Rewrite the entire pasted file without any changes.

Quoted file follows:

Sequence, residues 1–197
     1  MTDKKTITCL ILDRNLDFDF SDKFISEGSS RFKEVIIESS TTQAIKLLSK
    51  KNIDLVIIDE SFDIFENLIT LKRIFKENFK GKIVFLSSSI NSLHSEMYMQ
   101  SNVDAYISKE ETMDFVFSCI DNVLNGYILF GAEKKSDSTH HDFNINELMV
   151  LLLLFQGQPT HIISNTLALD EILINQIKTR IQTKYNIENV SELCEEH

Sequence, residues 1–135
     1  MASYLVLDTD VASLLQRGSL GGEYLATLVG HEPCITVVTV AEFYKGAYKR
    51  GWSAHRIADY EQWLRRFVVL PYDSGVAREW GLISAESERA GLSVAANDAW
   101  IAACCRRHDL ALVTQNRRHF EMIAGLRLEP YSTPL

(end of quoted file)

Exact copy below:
Sequence, residues 1–197
     1  MTDKKTITCL ILDRNLDFDF SDKFISEGSS RFKEVIIESS TTQAIKLLSK
    51  KNIDLVIIDE SFDIFENLIT LKRIFKENFK GKIVFLSSSI NSLHSEMYMQ
   101  SNVDAYISKE ETMDFVFSCI DNVLNGYILF GAEKKSDSTH HDFNINELMV
   151  LLLLFQGQPT HIISNTLALD EILINQIKTR IQTKYNIENV SELCEEH

Sequence, residues 1–135
     1  MASYLVLDTD VASLLQRGSL GGEYLATLVG HEPCITVVTV AEFYKGAYKR
    51  GWSAHRIADY EQWLRRFVVL PYDSGVAREW GLISAESERA GLSVAANDAW
   101  IAACCRRHDL ALVTQNRRHF EMIAGLRLEP YSTPL